The Art of Headhunting: More Than Your Average Recruiter

Recruiters are responsible for bringing in candidates who are the best of the best. However, they can only gather the most innovative and proficient talent pool to select from if they have the right tools. Even if they are the right tools and skills, there is always the chance they could be used better. Technological tools are constantly developing, and you can’t use tools you don’t have the skills for. Without the good communication skills behind the latest and greatest technology, your SEO will only get the company’s reputation so far with candidates. 

Your Tracking is Archaic

Keywords have changed with the growth of technology, so that means if the words you were using 5 years ago were ideal then, they probably aren’t now. Using an Applicant Tracking System will help your company keep track of not only your candidates, but posting to job boards as well. But your ATS can’t work at its peak if you don’t formulate your job descriptions perfectly. So use keywords on an optimized career site to get the most out of it. 

You’ve researched the best keywords to raise your SEO, but you’re still not getting the great candidates you hoped for. Now what? Take a look at your career site. Is it optimized for the different screens the talent pool might use? Considering 70% of jobseekers use their mobile devices to search for employment, it is important to not only optimize your SEO, but your career site as well. Without a mobile site, your recruiting program will fall into the 80% who don’t have an optimized career site.

How Much do You Really Care?

Your relationship with your talent pool is delicate; you have to put your best foot forward when developing that connection. The candidates ultimately have the final decision on their job choice; you have to give them good reason to choose you. Even when a job opening has hundreds of applicants, it might seem daunting to let each of them know their status or at least the company’s hiring process.

Candidates want to hear from you, even if they didn’t get the job. Rejection is hard news to relay to the hopefuls in the talent pool, but no contact with them is worse than getting bad news. Just because you may have an ATS shouldn’t preclude you from sending personalized automated messages to applicants. 

The Royal Treatment

You’ve interviewed all of your potential hires. Now it comes down to choosing “the one.” It’s important to keep a couple of things in mind, however. Candidates, especially those with IT skills, have the upper hand because they are in such high demand.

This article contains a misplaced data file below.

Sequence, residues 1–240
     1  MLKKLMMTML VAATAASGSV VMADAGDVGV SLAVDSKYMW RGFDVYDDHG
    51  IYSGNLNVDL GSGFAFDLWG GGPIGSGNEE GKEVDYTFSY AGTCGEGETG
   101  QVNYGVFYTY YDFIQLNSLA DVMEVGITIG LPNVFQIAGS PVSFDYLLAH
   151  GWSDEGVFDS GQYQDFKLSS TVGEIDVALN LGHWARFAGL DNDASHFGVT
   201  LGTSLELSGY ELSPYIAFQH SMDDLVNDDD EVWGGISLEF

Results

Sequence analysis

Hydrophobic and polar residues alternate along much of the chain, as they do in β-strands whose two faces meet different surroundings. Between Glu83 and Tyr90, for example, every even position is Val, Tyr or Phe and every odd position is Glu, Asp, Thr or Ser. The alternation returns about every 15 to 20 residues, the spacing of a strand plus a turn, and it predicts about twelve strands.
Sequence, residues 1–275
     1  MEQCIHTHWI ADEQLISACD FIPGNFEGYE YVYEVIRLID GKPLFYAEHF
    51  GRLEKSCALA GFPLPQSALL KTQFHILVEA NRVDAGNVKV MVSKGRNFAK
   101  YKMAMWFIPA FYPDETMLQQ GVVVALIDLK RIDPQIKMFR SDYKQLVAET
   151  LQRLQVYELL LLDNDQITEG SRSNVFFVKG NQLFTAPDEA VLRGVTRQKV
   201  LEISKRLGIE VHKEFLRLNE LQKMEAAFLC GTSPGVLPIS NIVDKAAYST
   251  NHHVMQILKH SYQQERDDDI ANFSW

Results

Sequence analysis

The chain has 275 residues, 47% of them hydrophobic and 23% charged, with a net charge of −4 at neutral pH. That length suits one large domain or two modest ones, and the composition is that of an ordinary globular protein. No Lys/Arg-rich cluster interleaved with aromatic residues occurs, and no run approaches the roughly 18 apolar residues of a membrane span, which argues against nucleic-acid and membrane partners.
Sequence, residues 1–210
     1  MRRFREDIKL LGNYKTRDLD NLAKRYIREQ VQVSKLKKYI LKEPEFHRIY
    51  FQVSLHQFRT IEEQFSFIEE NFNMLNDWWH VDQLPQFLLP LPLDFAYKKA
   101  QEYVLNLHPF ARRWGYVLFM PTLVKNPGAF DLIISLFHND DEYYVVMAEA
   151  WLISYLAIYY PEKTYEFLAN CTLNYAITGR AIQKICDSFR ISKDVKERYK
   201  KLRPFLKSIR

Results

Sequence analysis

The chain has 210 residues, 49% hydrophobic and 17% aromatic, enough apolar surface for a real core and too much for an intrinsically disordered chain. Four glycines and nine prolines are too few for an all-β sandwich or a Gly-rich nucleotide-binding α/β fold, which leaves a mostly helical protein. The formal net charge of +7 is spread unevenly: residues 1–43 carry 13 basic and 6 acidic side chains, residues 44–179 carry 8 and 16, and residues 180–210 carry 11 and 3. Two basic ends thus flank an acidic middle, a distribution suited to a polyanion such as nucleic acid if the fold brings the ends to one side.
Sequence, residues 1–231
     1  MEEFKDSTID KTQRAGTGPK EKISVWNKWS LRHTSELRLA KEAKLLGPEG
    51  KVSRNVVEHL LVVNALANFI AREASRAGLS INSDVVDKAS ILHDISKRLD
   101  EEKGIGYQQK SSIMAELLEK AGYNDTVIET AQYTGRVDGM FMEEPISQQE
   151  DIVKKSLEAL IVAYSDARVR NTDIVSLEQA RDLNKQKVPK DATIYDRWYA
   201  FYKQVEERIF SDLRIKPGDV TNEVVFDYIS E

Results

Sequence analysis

Above all, respect a candidate’s time and energy, they are just as important as yours as a recruiter. Arriving to an interview late or unorganized is not only less than polite, but it tells the candidate you are uninterested in them for the position. Even though recruiters tend to know within the first 90 seconds of an interview if a candidate is the right person for the job, recruiters should be engaged for the entire interview. Since 93% of communication is non-verbal, it is important to make the effort to stay focused on the candidate.  

Not keeping applicants informed begins the formation of a negative brand for your company. It is alarming how many candidates are turned away after an interview simply with a void of silence. It’s as if their application, resume, and interview fell into a black hole never to resurface. According to CareerBuilder, 75% of applicants never hear from potential employers.  CareerBuilder’s Senior Director of Talent Intelligence, Sanja Licina says, “From the second jobseekers are viewing your job ad and applying to your company, they are forming an opinion of who you are as an employer and as a business.” This is why it is so critical to stay in a positive light in the eyes of candidates.

The etiquette in your recruiting department is just as important as the technology it employs. Why is it then that so many candidates have a negative experience during the hiring process?  With email automation tools like Mail Chimp there is no reason applicants shouldn’t hear back from you. Since they have the upper hand in hiring negotiations, it is critical to respect their time and use the tools you have to the best of your abilities. 

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photo credit: JD Hancock via photopin cc

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Tags: Candidates, Corporate Recruiting, Human Resources, Job Seekers, Recruiting Tools / Sourcing

Comment by Matthew Harvey on July 15, 2014 at 9:38am

Raj, you've made some valid points but the headline of your article is misleading as what you've described is not headhunting.

I would define headhunting as pro-actively approaching top talent directly based on what your internal or in our case our clients requirements are and often from the competition.  

What you have described is putting out a job ad and the subsequent candidate experience.

May I suggest a better title would simply be 'The art of recruitment..' 

Comment by Tim Spagnola on July 16, 2014 at 7:59am

'The art of recruitment' - like that @Matthew. Time to break out the old t-shirt thread. 

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